Title: The Day of the Dead
Author: Karen Chance
Series: Cassandra Palmer #3.1, Cassandra Palmer world #6
In: The Mammoth Book of Vampire Romance (Trisha Telep)
Rating Out of 5: 5 (I will read this again and again and again)
My Bookshelves: Dark fantasy, Paranormal romance
Format: Short story
5th sentence, 74th page: “I challenged you once before,” he said around the mass that had risen in his throat, huge and cold and sickening.
“The Day of the Dead” features Tomas, a character from the Cassandra Palmer novels, who was last seen cooling his heels in Faerie. He’ll show up again in the series, but what about in the meantime? What does a powerful, four-hundred-year-old vampire with a serious grudge against his old mass murdering master to do when he suddenly finds himself with too much time on his hands? Hang around Faerie, where there’s nothing to eat (Fey blood=nasty) just because our intrepid heroine parked him there?
Uh, no. Not so much.
Because Tomas is obsessed, and has been for pretty much his whole existence, with one thing: taking out Alejandro, the aforementioned murdering bastard. In “The Day of the Dead,” he slips back into our world to confront his nemesis, only to find unexpected help in the form of a band of magical mercenaries. Think the A-Team with spells and potions instead of (well, actually in addition to) guns and knives and things that go boom. It makes for a lot of mayhem down Mexico way.
I have had a slight obsession (alright, maybe not so slight) with the Mexican tradition of Day of the Dead since I wrote an anthropology paper on it in my Undergrad at University. So reading a story that featured this time of year and festival made me kind of deliriously happy. Alright, stupid happy – I read this story from beginning to end twice in a row to get my fix. And then watched Coco. But that’s a whole other story…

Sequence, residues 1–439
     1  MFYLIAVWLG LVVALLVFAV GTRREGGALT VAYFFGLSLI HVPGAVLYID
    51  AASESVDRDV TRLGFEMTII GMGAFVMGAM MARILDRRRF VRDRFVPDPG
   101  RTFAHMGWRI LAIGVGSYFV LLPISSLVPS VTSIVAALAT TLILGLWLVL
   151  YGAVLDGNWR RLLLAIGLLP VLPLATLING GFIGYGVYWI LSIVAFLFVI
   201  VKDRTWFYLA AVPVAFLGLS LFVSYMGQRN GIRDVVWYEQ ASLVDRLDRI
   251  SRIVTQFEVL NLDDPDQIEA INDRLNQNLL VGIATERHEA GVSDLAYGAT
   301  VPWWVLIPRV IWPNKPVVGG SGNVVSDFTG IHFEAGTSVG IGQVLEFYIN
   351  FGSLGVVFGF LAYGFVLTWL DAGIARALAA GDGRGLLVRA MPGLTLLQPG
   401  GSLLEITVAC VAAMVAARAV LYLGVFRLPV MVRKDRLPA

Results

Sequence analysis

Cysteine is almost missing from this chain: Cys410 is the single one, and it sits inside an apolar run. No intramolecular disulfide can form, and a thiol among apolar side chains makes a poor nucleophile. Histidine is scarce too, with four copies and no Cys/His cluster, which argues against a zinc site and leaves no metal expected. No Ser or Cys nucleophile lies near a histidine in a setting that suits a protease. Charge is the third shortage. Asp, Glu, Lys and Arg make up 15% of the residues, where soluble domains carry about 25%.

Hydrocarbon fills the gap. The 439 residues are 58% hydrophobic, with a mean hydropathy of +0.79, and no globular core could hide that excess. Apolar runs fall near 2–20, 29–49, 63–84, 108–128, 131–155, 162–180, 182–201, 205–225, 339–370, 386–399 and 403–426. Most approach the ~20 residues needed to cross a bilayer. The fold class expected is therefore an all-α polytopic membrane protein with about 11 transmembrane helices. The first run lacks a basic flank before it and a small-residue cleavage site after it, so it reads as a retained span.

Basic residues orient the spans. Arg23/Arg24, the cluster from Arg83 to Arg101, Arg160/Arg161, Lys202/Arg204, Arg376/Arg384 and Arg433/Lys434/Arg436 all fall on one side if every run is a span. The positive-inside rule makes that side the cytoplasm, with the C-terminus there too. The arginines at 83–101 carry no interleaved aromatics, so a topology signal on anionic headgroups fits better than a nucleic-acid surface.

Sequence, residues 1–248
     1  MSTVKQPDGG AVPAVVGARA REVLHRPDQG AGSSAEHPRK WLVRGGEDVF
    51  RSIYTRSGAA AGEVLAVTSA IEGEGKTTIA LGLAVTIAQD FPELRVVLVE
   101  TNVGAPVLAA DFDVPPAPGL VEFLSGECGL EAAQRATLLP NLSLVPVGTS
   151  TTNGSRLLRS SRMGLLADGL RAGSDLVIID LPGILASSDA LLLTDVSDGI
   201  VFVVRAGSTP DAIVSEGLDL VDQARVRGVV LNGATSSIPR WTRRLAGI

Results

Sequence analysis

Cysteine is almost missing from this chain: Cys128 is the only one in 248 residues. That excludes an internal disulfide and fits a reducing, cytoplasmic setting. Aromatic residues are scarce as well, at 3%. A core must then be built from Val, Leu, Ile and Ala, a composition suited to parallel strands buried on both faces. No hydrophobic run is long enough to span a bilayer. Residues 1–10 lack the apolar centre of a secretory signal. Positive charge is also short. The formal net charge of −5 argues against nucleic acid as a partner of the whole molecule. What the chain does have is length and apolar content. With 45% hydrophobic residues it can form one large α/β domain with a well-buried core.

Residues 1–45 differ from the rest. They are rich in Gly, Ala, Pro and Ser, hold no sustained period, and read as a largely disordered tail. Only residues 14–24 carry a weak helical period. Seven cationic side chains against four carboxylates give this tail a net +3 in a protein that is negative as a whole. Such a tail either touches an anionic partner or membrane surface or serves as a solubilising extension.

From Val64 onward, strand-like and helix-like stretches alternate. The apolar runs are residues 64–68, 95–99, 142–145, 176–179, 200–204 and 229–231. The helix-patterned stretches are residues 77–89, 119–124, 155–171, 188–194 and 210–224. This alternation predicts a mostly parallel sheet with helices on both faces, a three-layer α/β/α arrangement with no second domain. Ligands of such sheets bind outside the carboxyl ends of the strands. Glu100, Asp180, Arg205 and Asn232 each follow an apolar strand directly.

I have only read the first Cassandra Palmer novel, so I don’t fully understand where this fits into the scheme of things. But even without having the background from the rest of the series, I still loved this completely. I vaguely recall Tomas from Touch the Dark and he seemed like a kind, if not slightly misled vampire. (And I honestly never thought I’d write that sentence in my lifetime…) So it was quite fun to read a short story that featured him. And, from the sense of the story, his new beginning and final freedom from the constraints of the slavery and society in which he has found himself.
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